“That’s all we have time for this week.”
Perfect timing. Just as I’m getting somewhere.
It feels like there’s a thousand mental health awareness days/weeks/months always happening, and whenever they do, I see friends and acquaintances don their best Instagram pastel and share all manner of stories encouraging people to get help. Reach out to your friends. Be more open with your mental health struggles.
Talk about it.
What happens when you’re past the point of talking about it? What happens when I’m abundantly aware of my mental health to the extent that I’d much rather just step away and ignore that nagging itch in my head?
That’s when the next inspirational step comes in.
“Get therapy.” Just get therapy. It’s that easy, apparently.
I’m of the belief that almost everyone in the world would benefit from some level of talking therapy. Many people, even those without diagnosed conditions commonly associated with seeking professional help, would be helped massively by someone with whom to discuss life’s various problems. Their fears, their hopes, their latest terrible day at work, so with that being the case, surely getting therapy is a clear choice, especially for those of us with diagnosed mental health disorders, right?
I started my current batch of therapy sessions in the middle of 2020. My search for help came at the tail end of something of a spiral, spurred on by the isolation of the pandemic and the fear of losing my job and livelihood. It shouldn’t have taken that long, but getting help is prohibitively difficult.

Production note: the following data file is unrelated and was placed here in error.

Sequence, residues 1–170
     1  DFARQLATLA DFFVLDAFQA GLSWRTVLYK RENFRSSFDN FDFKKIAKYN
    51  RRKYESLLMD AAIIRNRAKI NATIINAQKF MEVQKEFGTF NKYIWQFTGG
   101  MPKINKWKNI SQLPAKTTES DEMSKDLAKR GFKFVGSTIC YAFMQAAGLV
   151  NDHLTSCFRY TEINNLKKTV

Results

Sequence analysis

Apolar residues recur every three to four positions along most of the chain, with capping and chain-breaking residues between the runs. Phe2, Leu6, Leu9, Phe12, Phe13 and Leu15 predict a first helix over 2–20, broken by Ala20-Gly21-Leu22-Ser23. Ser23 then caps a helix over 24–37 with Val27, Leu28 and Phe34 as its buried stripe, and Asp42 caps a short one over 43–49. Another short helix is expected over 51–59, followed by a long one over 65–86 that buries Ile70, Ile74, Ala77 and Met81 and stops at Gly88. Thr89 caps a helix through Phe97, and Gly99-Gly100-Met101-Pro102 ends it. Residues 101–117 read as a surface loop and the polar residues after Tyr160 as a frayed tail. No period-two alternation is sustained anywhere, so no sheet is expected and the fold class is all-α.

Eventually, I found a local place in the beautiful seaside city of Brighton, where I was cooped up in a bedroom spanning about two meters by two meters. It prides itself on ‘affordable therapy’, which is exactly what I needed, considering I was paid barely enough to live in one of the more expensive cities in the country by the job that made me move there. There was an initial interview, and it was decided, after a couple chats with the folks involved, that I’d be given sessions with an intermediate unaccredited practitioner. The cost to me would be £30 for a weekly 50-minute session. I’ve recently found out the price for new patients has increased to £35. The word ‘unaccredited’ did set off a few alarm bells, but I was willing to try. Anything was better than another webinar or encouragement to ring the company’s helpline.
After a somewhat rocky and awkward start, my therapy sessions have helped me measurably. I’m much better off having this outlet for my thoughts than not, and I know how much things have worsened when I haven’t had access to this level of help. It’s a lot better than ruining or straining personal relationships.